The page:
UCL News


UCL Bookshelf: 'There Goes the Science Bit…'

12 October 2007


There Goes the Science Bit senseaboutscience.org/" target="_self">Sense About Science
  • Voice of Young Science
  • UCL PhD students were among the authors of a new booklet by young UK scientists that was released this week, which highlights bad science used in the marketing of products to consumers. 

    Published by Sense About Science, a charity that works to increase public engagement with science, 'There Goes the Science Bit, A Guide to Standing up for Science for Early Career Researchers' reveals a range of inaccurate scientific claims made by companies trying to persuade unwitting consumers into buying their products.

    The group of authors, called Voice of Young Science, met through an online forum, hosted by Sense About Science, in which they discussed some of the 'pseudo-science' that is portrayed in marketing. After sharing their experiences of making enquiries about some products' scientific claims, they decided to produce a publication aimed at encouraging people to question the everyday science they are sold.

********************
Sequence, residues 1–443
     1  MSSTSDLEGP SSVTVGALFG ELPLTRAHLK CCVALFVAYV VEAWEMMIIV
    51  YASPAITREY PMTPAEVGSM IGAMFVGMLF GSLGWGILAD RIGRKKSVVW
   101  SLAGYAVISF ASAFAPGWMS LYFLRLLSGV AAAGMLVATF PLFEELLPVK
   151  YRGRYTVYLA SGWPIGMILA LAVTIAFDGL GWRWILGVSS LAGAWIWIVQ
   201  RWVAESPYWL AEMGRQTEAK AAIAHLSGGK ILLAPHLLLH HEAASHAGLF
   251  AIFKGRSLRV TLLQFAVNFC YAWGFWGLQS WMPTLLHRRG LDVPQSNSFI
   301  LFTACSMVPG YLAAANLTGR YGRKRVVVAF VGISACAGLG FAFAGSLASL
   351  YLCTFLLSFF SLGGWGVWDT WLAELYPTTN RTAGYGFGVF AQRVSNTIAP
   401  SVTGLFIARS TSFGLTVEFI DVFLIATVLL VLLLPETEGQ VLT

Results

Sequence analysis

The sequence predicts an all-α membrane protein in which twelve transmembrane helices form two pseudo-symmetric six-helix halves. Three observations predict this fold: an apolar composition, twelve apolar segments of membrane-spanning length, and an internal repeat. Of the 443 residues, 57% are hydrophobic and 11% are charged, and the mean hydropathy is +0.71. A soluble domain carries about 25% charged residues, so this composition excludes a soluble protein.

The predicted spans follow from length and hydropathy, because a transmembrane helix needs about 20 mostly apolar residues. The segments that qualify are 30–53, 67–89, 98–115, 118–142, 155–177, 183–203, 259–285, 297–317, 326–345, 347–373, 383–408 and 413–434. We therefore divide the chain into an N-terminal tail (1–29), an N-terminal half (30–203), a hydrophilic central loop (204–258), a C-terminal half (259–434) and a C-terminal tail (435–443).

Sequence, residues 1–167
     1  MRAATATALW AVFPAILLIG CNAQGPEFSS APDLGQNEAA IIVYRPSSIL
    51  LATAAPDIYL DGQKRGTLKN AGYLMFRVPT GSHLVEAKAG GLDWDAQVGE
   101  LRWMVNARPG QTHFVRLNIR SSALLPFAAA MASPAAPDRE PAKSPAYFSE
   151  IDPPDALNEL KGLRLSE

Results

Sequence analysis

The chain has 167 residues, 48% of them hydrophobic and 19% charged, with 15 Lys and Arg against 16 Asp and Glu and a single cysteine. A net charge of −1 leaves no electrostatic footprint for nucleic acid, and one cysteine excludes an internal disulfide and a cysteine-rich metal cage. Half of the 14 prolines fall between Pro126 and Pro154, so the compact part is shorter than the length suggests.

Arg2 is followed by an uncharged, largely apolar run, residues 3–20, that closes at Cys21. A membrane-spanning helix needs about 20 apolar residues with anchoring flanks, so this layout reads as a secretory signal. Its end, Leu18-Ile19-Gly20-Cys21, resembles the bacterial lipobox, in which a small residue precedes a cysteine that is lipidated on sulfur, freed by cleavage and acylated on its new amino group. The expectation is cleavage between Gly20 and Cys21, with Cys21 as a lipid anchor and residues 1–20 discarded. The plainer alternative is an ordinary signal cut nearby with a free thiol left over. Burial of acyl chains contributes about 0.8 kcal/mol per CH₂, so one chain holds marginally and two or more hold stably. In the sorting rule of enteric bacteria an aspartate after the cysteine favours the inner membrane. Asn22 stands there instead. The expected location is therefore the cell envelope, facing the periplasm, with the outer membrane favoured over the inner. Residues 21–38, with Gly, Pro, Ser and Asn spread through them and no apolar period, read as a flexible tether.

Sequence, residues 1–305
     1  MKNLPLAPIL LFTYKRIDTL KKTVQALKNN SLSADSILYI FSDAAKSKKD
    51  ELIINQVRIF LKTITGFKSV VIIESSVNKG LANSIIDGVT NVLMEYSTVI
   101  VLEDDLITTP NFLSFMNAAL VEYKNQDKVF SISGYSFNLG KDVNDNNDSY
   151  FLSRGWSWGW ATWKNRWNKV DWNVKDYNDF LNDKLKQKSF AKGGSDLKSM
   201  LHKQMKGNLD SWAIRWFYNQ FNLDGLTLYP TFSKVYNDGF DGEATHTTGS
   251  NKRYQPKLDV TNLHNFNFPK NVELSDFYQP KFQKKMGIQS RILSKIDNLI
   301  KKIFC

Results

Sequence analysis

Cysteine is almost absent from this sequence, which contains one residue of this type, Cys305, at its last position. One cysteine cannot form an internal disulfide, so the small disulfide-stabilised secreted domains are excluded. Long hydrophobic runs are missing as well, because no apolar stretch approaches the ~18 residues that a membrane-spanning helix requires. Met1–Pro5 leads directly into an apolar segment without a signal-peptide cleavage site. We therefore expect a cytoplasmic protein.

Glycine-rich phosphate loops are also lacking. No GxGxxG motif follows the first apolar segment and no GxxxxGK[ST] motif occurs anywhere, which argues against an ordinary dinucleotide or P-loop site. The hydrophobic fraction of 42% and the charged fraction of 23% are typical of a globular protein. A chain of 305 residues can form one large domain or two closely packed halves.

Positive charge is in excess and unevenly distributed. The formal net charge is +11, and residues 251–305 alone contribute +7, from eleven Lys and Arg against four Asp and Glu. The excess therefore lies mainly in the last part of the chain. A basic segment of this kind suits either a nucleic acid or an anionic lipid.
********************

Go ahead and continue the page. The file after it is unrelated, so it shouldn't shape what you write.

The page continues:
Among the contributors was Jennifer Lardge, a PhD student at UCL Physics & Astronomy. Speaking about an enquiry she made into the apparent health benefits of Himalayan salt lamps, she said: "We wanted some evidence and clarification, but it was tough to get. I was passed from a UK distributor to a miner in Pakistan and back to a UK website, but ended up little wiser."

    Among the other claims to be debunked in the book were 'detox patches' that 'draw out harmful toxins from the body overnight', a liquid called 'Aerobic Oxygen' that is 'stabilised' and 'does not have a formula', and a product that uses your PC 'to release over 34,000 different homeopathic type remedies'.

    Professor Sir Paul Nurse, who won the 2001 Nobel Prize in Physiology or Medicine, has endorsed the booklet, saying: "'There Goes the Science Bit…' is a refreshing and amusing look at the extraordinary claims being made by commercial producers and retailers to try and make us buy their products. Their lack of science is mercilessly exposed by intelligent young scientists prepared to spend their time unmasking the empty pseudo-science of so many of these claims."

    Tracey Brown, Director of Sense About Science, described the group of researchers as "a counterblast to cynicism in science".

    To obtain a copy of 'There Goes the Science Bit…', contact Aarathi Prasad at Sense About Science.